I learned about Murrow and his role in bringing down McCarthy in journalism school in the 1970s. Journalism, we were taught, had a critical First Amendment role; it was the marketplace of ideas, where all sides aired their views. The lesson we journalism students took away from the Army-McCarthy hearings, as well as from the Pentagon Papers and Watergate, was that if journalists did their job and presented all sides objectively, people would figure things out on their own

I believed it. For decades, I believed it. I don't believe it anymore.

Margaret Sullivan served for many years as media columnist for the Washington Post. Her job involved critiquing the way the news media, including her own paper, covered the stories of the day, and in many cases how they could have done it better. She has a book coming out this fall -- a sort of memoir of her decades in the newspaper business. And in a piece in the Washington Post Magazine last weekend, she wrote about how the Trump presidency changed her view of how journalists should cover him. For many decades, she too believed in traditional journalism and the marketplace of ideas. But now she writes: "As [former President] Trump prepares to run again in 2024, it’s worth reminding ourselves of the lessons we’ve learned — and committing to the principle that, when covering politicians who are essentially running against democracy, old-style journalism will no longer suffice."

Journalists can no longer simply repeat what newsmakers say. Discernment was always part of the job -- if the sales manager asked you to do a story about his big account, you didn't do it unless there was an actual news angle. But at certain levels, particularly in day-to-day political reporting, the idea was to tell people what the guy said, and then tell what his opponent said, and your responsibility pretty much ended there. 

As Sullivan says -- heck, as we've all seen -- Trump saw how it worked and capitalized on it. He spewed endless bilge, and news managers covered every second of it because his bilge drew eyeballs for their advertisers. Journalists should have called him on his bullshit a lot sooner than they did. Even now, six years down the road, I see too many euphemisms in stories about the guy. Baseless claims. False this or that. Why don't they just come right out and say he's lying

I suppose one reason is that news organizations are skittish about being sued for libel. But another thing I learned in journalism school is that the first defense against a charge of libel is the truth. The lies Trump and his minions tell have been disproven many, many times over. It's clear they're lies -- not falsehoods or baseless whatevers.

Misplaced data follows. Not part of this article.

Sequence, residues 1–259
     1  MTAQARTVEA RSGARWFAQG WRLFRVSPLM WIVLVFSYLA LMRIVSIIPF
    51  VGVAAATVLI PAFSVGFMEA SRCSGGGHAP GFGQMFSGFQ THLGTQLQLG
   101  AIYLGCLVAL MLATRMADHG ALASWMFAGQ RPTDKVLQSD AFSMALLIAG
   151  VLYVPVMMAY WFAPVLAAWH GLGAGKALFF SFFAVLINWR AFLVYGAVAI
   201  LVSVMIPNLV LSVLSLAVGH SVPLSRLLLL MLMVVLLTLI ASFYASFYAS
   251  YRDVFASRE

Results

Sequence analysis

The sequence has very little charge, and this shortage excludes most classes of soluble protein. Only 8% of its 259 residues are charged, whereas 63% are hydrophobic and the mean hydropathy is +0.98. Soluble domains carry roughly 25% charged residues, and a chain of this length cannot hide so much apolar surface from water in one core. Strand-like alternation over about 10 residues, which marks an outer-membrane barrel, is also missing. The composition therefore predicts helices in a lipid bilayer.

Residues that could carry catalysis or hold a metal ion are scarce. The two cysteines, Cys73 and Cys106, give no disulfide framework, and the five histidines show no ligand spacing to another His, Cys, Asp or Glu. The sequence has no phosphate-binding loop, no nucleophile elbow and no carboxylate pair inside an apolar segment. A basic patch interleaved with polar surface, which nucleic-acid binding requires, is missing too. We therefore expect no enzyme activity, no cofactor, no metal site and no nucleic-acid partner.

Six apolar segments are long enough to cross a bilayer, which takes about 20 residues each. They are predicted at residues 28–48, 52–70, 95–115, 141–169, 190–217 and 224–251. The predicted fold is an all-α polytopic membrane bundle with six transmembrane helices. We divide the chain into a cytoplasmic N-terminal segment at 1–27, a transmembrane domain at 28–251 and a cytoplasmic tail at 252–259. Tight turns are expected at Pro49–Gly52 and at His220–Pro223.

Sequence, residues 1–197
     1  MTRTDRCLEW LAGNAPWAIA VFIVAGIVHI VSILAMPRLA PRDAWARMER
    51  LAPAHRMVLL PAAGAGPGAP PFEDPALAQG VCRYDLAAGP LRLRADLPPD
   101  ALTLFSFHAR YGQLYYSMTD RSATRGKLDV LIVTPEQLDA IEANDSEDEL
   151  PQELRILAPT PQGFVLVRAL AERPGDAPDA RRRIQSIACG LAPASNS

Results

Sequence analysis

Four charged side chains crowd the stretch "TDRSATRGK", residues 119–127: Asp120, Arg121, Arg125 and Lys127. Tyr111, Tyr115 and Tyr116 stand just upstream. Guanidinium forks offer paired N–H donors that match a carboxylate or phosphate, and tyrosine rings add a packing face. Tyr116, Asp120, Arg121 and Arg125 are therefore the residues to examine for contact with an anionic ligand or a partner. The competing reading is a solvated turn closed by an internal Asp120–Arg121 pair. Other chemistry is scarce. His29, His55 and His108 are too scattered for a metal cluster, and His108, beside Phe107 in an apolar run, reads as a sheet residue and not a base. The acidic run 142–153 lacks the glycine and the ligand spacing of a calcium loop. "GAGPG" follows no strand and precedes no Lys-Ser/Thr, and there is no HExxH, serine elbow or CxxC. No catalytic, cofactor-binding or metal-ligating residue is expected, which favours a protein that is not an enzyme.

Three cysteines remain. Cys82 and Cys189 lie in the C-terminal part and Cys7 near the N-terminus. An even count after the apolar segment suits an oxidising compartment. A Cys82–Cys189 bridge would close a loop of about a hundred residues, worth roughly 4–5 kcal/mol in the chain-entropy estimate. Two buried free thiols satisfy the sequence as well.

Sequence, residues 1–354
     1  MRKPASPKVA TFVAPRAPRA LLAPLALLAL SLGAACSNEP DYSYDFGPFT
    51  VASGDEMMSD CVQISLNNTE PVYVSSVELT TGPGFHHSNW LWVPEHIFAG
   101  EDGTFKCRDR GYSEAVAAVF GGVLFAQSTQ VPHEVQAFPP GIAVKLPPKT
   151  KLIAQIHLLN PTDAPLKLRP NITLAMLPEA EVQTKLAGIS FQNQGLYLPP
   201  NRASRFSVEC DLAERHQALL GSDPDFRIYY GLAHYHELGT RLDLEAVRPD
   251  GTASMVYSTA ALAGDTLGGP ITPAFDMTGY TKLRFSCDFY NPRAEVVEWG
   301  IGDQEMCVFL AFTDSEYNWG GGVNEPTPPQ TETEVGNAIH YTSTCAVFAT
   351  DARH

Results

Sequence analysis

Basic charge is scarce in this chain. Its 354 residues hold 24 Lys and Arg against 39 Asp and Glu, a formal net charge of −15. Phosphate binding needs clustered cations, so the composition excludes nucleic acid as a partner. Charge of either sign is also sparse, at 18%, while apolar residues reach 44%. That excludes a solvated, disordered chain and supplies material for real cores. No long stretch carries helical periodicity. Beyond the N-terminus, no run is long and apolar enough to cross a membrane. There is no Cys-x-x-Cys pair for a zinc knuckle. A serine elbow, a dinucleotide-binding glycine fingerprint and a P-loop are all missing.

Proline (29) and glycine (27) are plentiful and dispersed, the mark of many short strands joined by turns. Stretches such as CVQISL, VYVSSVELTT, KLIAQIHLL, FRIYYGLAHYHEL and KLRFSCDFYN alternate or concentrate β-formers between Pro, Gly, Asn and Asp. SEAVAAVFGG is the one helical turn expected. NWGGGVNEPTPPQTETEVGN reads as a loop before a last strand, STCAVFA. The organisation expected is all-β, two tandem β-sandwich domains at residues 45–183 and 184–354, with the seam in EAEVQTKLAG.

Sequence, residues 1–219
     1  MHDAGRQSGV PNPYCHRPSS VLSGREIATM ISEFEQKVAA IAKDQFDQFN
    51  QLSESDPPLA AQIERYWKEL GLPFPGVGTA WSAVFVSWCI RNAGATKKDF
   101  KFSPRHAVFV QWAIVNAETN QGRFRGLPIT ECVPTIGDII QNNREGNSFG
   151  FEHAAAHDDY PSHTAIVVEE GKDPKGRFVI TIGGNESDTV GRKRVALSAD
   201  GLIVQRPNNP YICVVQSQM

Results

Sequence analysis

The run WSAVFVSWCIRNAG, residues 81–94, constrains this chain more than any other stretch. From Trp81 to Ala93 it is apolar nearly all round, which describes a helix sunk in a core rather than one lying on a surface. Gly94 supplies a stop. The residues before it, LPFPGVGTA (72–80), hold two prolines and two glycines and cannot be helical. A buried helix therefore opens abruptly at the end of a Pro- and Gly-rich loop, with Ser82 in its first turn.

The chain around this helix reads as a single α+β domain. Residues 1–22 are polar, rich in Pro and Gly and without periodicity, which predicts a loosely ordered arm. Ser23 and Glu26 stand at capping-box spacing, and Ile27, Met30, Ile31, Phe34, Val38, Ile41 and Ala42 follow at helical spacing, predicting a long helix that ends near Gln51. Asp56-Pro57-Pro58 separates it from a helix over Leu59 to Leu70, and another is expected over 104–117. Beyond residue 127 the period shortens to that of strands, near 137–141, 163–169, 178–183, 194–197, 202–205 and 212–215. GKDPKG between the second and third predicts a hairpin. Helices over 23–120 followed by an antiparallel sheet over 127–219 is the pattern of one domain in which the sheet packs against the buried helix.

Moreover, it's not like Trump didn't know the 2020 election results were legit. Many of his advisors told him so. So did members of his family. He even admitted it in private. And yet he has continued to lie in public that the election was stolen from him. Maybe it was because he didn't want to think of himself as a loser. Maybe he wanted to keep the grift going so his supporters would continue to send him money. Maybe both, and more.

Sullivan's point is that if Trump runs again, things have to be different: "I’m convinced that journalists — specifically those who cover politics — must keep a sharp focus on truth-seeking, not old-style performative neutrality. Does that mean we throw objectivity out the window? Of course not. We should be resolutely objective in the sense of seeking evidence and approaching subjects with an open mind. We should not, however, resort to taking everything down the middle, no matter what." Simply handing  each side a microphone isn't going to be enough: "We should be thinking about what coverage serves the public best."

She also criticizes traditional political coverage -- reports on the latest polls, stories based on "conventional wisdom", "campaign in disarray" articles, and the like -- as a distraction from the bigger picture that a chunk of one of our political parties seeks to end democracy.

That doesn't mean playing favorites or going soft on the other party, she says. What's required is for journalists to make a habit of putting their reporting in context: "They shouldn’t just repeat what’s being said, but help explain what it means."

Another thing I learned in journalism school is that every news story should answer six questions -- the famous five Ws and an H: who, what, when, where, why, and how. It's the why that Sullivan is addressing here: We need not just the facts, but the truth, in context. Trump and his supporters will howl about the unfairness of it all -- but they'll howl regardless. Journalists must do it anyway. Our democracy is on the line.


These moments of bloggy truthiness have been brought to you, as a public service, by Lynne Cantwell. Stay safe! And get out and vote!